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Romeo and Juliet - Analyse the dramatic moments of the final scene of the play (from the words

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Analyse the dramatic moments of the final scene of the play (from the words "O my love, my wife!" to the end of the scene) and explore ways in which they could best be presented to the audience. The last scene in 'Romeo and Juliet' is full of dramatic interest. This scene excites an already anxious audience, who by now are desperate to discover the fate of these 'star-crossed lovers'. In this final scene the depth of Romeo and Juliet's love for each other is confirmed when it is realised that they are truly prepared to die rather than live without each other. Nonetheless, Shakespeare keeps his audience guessing and hoping to the end. They are plagued with questions: Will Romeo arrive in time? Will Juliet wake before it is too late? How will Juliet cope with Romeo's death? What will happen in Verona once the double suicide is discovered? Will the families continue their feud? What will happen to Lawrence? No sooner is one question answered than another is posed in the minds of the audience. Shakespeare keeps them on the edge of their seats throughout this final scene. In the section of the play I have been asked to analyse, I think the first key point of dramatic interest is when Romeo comments on the lifelike colour of Juliet's skin, while she is lying in the tomb. ...read more.


Romeo! O pale! Who else? What, Paris too? And steeped in blood?... His confusion and fear is clearly demonstrated through this rapid succession of rhetorical questions. The director really wants to make the Friar's fear and sense of urgency come across strongly. He does this by making Friar Lawrence speak these short sentences very quickly. Also once Friar Lawrence realises what has happened he has little time, and you can hear the desperation in his voice as he repeatedly urges Juliet to hurry away: 'I hear some noise, lady. Come from that nest of death... Come, come away... ...the watch is coming, Come, go, good Juliet... The repetition of the word 'come' emphasises Friar Lawrence's frustration as Juliet refuses to comply. Shakespeare's description of the scene as a 'nest' also highlights the tragedy of these deaths, as it draws attention to the fact that all those who are dead are very young people, who have died long before their time. When Juliet finally sees Romeo's limp corpse on the floor she absolutely refuses to leave the scene: 'Go, get thee hence, for I will not away.' Fearing for his own life the Friar is forced to leave her there alone: '...the watch is coming ...I dare no longer stay.' The way Juliet discovers Romeo's body can also add to the dramatic moments of this final scene. ...read more.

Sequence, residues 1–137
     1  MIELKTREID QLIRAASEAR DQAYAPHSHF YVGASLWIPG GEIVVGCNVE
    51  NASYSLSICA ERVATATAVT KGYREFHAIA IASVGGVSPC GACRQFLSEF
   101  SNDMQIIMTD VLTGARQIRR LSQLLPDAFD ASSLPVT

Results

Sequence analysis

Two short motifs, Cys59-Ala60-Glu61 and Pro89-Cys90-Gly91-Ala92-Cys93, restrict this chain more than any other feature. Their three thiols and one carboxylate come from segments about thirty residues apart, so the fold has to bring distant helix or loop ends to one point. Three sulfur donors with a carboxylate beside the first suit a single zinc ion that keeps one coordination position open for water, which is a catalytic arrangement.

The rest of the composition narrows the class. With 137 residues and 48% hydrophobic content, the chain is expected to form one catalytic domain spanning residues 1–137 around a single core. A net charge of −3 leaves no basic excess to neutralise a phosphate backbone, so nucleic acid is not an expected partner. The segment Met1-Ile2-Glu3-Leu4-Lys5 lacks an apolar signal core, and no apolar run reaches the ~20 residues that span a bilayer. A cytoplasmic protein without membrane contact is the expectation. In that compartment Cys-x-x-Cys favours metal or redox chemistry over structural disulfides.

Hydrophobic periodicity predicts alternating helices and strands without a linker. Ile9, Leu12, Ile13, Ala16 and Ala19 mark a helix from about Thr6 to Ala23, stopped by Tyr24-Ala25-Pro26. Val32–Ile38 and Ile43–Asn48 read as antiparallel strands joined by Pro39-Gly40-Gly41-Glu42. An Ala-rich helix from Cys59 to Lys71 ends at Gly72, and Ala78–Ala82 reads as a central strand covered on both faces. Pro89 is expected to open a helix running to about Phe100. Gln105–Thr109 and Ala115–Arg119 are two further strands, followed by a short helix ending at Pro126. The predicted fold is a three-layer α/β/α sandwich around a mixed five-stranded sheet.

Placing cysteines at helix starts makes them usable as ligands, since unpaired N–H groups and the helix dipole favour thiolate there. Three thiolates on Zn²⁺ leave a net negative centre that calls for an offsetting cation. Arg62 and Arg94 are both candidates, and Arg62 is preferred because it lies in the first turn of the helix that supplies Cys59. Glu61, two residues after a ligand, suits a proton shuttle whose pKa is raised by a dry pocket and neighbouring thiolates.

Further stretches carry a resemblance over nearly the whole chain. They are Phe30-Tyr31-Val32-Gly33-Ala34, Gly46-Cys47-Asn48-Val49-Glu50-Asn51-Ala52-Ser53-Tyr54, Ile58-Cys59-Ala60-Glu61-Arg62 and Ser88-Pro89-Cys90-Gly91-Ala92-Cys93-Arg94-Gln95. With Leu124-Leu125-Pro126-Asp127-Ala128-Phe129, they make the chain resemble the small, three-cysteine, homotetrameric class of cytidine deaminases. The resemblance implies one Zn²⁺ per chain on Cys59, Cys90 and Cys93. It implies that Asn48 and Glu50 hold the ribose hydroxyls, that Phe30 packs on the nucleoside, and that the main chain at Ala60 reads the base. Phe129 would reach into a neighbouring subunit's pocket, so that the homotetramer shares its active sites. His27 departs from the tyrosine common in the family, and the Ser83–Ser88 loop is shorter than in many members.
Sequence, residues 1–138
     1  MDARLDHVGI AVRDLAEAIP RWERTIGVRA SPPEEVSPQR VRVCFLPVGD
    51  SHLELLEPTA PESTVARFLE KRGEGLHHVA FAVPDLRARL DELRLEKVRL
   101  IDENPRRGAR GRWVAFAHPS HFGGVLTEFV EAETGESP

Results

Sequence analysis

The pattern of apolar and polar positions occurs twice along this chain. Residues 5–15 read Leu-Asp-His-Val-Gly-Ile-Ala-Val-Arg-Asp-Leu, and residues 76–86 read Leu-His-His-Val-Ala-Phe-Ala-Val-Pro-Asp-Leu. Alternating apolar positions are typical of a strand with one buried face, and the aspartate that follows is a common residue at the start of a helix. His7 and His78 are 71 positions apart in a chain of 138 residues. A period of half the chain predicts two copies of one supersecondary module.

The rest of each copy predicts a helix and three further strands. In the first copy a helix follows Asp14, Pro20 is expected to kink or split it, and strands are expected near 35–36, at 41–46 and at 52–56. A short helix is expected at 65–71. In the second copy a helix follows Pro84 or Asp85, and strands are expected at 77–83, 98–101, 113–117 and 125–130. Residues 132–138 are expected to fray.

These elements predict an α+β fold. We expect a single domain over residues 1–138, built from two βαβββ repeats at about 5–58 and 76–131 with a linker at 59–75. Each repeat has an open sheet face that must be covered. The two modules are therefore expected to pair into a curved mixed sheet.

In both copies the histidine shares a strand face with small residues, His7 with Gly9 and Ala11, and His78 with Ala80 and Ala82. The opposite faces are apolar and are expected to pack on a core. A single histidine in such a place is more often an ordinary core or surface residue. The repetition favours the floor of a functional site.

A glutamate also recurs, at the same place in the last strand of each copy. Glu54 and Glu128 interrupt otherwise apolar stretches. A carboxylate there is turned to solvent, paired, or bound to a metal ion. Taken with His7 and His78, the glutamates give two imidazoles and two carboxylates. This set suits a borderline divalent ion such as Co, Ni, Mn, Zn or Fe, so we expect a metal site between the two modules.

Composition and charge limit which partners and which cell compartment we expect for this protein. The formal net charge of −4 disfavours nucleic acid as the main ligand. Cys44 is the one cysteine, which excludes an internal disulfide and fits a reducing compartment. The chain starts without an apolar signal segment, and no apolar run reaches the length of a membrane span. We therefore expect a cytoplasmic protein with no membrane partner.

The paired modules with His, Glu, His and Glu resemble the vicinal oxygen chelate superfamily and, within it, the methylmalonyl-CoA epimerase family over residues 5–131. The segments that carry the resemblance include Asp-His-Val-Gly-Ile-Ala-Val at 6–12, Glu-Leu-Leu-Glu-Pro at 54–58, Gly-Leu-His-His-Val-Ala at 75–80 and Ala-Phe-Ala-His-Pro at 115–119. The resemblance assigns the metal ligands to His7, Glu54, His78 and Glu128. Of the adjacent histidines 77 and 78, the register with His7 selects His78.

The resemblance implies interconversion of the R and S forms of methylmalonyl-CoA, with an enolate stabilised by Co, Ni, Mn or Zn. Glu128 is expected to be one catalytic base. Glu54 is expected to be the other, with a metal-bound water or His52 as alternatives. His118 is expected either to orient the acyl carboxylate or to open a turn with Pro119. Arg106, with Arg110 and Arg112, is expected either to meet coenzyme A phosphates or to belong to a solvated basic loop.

so long: '...heaven finds means to kill...with love And I, for winking at your discords too' Still full of questions the audience are wondering what will come of this? The resolution comes when both fathers recognise the consequences of their rivalry. The blood of their own children has been spilled. Deciding to end their feud forever Capulet beckons Montague: 'O brother Montague, give me they hand' Both agree to 'raise...statues in pure gold' of Juliet and Romeo' The Prince's dramatic words end the play. His words are emphasised because they form a rhyming couplet: 'For never was a story of more woe Than this of Juliet and her Romeo' The final three speeches are in the form of a sonnet, they are powerful and compelling, and should be spoken with strong clear diction. As has been shown this final scene of Romeo and Juliet is dramatic. If well directed the tension of this drama can be heightened, thus increasing not only the enjoyment but also the audiences understanding of the play. The image on stage of these three young bodies laid on stage close to each as if in a nest can be a highly emotive. It would seem likely that at the end of the play both Shakespearian and modern audiences will leave the theatre perhaps wiser, but at least contemplating the futility of such violent young deaths. By Martin O'Brien 10B ...read more.

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